Reimagining Chronic Condition Care in the Age of COVID-19, SentryHealth
For Your Benefits
For Your Benefits
Reimagining Chronic Condition Care in the Age of COVID-19
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Reimagining Chronic Condition Care in the Age of COVID-19

2020 will be a year to remember. The United States was faced with not just COVID-19, but another health crisis, too: chronic condition care. What does this mean for employers and their workforce? In this episode, you’ll learn how virtual healthcare exploded overnight, and the role employers played in its acceleration.

Matt Hodes with OneDrop, a SentryHealth program partner, discusses why it’s critical to supplement virtual healthcare with virtual chronic condition care. Also, he offers actionable takeaways to support your employees through chronic disease management.

This podcast episode is also a webinar! Click here to view.

Implementing a good chronic condition care management strategy is vital to your success during COVID-19 and beyond. It will help your employees lower their out-of-pocket health care expenses and facilitate healthier lifestyles. It will also improve employee satisfaction with your benefits offerings and help you directly control the rising costs of employee health care. Read this blog post to learn more.

In This Podcast

Matt Hodes

With more than a decade of experience in the health innovation space, Matt works with employers, brokers, and partners to bring One Drop’s self-care program to employees with chronic conditions. Prior to joining One Drop, he led the professional services team at Zipnosis where he partnered with health systems in creating virtual care strategies.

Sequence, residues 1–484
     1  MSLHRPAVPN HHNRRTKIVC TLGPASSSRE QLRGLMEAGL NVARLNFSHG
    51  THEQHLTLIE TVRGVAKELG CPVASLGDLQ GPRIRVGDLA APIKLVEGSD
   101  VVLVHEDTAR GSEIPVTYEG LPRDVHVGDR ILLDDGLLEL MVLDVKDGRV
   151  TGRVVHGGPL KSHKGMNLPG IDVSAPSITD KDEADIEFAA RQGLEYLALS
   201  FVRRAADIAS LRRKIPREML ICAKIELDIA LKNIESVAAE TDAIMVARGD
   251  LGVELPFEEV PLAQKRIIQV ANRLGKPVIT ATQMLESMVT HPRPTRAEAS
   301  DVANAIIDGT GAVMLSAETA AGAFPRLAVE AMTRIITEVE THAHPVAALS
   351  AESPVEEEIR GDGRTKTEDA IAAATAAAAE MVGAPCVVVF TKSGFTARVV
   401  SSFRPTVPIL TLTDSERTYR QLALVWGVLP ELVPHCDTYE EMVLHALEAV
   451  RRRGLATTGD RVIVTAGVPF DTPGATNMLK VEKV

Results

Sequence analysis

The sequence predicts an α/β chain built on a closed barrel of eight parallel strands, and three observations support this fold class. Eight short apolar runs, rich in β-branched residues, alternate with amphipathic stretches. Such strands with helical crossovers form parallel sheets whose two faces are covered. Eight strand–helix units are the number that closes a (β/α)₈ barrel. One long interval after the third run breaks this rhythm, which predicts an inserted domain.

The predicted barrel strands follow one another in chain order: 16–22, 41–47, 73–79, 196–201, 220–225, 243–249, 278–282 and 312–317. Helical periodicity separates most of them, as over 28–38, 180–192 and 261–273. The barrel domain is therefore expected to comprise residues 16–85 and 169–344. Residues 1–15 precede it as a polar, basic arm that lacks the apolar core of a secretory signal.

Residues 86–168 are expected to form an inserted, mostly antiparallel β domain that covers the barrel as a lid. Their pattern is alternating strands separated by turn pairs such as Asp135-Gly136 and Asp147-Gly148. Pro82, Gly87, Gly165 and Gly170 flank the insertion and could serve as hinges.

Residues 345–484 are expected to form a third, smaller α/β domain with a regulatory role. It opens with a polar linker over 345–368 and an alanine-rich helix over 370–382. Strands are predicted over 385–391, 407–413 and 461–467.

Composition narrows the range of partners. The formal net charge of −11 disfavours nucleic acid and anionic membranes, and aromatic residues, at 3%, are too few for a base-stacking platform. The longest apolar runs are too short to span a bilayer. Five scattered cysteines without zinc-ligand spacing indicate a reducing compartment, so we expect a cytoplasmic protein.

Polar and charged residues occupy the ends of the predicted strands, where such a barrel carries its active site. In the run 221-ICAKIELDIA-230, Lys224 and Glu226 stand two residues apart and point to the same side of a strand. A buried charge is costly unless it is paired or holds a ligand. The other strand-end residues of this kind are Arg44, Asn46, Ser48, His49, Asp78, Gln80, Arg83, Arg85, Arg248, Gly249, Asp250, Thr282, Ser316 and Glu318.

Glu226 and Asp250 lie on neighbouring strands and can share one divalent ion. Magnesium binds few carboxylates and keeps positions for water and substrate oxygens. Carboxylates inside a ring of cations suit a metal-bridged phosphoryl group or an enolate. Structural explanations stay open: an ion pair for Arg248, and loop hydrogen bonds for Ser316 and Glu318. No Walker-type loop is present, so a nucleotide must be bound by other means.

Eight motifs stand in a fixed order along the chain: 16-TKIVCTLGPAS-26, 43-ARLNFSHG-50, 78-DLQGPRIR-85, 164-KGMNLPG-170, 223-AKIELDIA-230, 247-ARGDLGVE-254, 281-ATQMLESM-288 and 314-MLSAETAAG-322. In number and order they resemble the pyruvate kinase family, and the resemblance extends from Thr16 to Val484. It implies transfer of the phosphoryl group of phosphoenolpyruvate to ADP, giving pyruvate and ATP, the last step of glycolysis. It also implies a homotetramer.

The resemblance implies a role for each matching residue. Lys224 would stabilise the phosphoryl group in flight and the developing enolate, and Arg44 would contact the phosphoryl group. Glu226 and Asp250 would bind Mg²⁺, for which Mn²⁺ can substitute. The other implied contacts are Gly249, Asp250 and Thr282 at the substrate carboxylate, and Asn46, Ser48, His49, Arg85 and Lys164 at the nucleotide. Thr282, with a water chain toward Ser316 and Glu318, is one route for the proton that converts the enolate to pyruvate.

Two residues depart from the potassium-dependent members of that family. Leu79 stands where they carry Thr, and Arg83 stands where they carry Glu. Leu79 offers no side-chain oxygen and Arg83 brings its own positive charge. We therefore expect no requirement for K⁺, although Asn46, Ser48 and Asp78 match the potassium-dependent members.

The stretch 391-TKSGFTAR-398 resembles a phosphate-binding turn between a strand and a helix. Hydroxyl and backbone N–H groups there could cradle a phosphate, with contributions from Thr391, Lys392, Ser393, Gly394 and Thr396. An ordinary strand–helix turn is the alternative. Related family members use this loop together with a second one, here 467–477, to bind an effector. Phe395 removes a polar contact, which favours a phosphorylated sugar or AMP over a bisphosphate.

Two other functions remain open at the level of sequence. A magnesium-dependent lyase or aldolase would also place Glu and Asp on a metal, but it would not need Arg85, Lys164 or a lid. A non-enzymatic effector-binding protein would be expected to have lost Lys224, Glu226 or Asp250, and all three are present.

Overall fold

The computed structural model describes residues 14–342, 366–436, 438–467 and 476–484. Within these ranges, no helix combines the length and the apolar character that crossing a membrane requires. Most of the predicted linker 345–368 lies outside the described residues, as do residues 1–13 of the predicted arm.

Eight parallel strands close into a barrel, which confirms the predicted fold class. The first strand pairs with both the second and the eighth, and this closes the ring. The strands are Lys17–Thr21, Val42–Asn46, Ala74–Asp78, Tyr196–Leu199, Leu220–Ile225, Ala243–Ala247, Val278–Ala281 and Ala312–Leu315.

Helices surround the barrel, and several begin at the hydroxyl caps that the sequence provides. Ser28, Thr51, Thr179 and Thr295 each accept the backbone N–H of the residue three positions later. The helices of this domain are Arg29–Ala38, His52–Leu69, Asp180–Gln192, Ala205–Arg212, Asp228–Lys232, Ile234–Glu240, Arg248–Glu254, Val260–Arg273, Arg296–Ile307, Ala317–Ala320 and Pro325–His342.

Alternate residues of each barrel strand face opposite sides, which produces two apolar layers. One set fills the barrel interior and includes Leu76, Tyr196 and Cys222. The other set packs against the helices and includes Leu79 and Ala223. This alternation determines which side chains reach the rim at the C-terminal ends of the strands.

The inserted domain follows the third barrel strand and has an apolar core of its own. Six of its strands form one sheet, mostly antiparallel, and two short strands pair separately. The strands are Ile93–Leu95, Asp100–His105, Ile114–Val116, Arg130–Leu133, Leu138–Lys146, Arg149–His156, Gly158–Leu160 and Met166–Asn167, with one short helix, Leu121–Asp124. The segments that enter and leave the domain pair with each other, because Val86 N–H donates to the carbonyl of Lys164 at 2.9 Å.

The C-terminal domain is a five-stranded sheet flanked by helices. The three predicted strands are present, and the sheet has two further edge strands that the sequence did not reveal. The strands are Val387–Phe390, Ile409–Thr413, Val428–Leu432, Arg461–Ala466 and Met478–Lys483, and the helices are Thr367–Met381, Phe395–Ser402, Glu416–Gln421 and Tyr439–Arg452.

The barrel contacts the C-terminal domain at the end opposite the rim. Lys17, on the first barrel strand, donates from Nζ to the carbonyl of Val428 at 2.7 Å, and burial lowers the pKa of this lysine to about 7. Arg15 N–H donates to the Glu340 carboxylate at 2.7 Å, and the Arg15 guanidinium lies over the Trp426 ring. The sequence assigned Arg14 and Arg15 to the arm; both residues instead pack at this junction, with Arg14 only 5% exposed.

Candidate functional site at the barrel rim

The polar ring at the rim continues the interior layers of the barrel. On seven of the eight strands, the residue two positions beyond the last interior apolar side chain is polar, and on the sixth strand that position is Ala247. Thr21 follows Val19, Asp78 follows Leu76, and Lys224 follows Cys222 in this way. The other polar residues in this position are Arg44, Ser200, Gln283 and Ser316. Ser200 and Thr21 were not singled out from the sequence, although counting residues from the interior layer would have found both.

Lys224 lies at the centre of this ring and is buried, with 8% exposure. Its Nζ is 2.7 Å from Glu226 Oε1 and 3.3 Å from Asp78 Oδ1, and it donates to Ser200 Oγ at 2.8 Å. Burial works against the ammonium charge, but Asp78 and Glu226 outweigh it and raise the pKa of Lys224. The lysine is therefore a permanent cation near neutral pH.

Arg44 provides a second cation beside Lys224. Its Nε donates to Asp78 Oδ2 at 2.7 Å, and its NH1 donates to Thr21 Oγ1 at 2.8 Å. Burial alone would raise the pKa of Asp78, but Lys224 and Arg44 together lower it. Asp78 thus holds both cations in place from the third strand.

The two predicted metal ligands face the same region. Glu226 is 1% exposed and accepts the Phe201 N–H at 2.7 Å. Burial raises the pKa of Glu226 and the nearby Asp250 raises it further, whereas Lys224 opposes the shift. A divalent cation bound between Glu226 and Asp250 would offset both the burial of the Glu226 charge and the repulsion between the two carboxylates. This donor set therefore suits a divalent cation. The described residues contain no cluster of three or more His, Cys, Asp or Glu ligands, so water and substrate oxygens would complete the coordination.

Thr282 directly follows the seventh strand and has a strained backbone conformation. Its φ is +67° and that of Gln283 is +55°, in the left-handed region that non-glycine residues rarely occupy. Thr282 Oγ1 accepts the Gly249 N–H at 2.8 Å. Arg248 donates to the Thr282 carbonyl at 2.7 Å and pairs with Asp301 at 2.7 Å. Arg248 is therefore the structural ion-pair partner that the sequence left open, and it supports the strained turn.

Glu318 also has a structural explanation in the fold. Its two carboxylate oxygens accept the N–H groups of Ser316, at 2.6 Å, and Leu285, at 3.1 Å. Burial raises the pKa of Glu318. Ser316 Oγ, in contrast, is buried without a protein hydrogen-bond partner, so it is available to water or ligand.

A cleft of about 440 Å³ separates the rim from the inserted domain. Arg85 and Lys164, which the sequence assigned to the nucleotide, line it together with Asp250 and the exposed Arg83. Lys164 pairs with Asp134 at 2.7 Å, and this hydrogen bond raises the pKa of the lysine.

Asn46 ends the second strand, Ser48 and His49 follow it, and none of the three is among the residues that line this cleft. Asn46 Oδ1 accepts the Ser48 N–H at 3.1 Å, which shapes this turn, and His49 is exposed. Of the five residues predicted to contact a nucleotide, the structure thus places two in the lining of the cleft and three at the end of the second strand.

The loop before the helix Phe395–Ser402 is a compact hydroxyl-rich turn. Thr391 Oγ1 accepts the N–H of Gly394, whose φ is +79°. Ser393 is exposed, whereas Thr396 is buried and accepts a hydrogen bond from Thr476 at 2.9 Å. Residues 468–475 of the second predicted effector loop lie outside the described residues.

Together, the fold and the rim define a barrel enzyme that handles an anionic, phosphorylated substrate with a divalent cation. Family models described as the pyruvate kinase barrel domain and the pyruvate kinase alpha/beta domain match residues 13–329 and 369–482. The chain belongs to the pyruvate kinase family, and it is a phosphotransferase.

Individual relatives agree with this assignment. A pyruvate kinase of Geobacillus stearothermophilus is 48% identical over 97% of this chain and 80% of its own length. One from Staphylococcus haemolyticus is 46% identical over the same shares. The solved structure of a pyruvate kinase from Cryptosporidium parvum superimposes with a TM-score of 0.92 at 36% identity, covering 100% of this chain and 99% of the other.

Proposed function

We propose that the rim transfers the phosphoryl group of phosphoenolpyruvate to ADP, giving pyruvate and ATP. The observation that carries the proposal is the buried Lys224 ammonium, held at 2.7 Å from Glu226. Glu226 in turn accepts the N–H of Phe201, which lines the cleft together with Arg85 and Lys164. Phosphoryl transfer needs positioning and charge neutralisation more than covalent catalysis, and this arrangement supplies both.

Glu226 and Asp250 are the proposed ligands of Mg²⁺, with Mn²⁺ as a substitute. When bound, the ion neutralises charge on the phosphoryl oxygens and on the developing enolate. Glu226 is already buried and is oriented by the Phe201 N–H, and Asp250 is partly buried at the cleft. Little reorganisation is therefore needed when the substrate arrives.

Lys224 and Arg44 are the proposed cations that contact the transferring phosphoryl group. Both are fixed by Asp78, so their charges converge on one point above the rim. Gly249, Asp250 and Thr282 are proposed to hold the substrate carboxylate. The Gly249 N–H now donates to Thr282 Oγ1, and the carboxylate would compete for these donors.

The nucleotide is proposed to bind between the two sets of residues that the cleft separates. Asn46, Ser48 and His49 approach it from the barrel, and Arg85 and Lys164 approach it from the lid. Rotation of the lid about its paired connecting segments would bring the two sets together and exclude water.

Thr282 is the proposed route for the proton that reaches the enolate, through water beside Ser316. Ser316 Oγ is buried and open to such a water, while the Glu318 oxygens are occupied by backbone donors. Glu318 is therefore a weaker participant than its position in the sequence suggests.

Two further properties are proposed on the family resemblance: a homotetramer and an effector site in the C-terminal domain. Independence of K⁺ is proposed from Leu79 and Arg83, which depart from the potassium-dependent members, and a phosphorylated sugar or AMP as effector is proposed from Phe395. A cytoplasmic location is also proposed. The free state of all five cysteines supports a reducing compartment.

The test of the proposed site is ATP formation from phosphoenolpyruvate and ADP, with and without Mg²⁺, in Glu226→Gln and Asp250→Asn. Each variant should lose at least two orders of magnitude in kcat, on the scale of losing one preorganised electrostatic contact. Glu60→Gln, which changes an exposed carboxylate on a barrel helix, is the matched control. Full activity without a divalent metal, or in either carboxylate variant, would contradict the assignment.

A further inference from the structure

Meghan Henry:

Everyone, thanks for joining this episode of For Your Benefit. I’m Meghan Henry, Director of Marketing for SentryHealth, creators of Well On My Way, one of the industry’s leading employee health and wellbeing solutions. We recently hosted a webinar with Matt Hodes from One Drop, a SentryHealth program partner. He spoke about reimagining chronic condition care in the age of COVID-19.

During this webinar, he talked about how the health care landscape transformed from in-person to virtual care overnight and how employers can take this as an opportunity to better support employees living with chronic conditions. It was great information and we wanted to share this on our podcast as well.

Matt Hodes:

I really appreciate everyone joining us today. In terms of our discussion, I have three sections I’m going to cover up front.

I’m going to share how I’ve seen care change over the past year, especially for those living with chronic conditions. Before I joined One Drop, I worked with health systems to set up and start the virtual care programs. And I’ve seen the terminology change from telemedicine to virtual care. And now I want to talk a little bit about what I see as the next evolution. Then I’ll cover, “Why Now?” More than ever, a health coach is an essential partner in the journey for individuals as they try and reach their health goals. And I’ll finish by providing an overview of One Drop and some actionable takeaways as you as an employer on how you can support your employees with chronic conditions.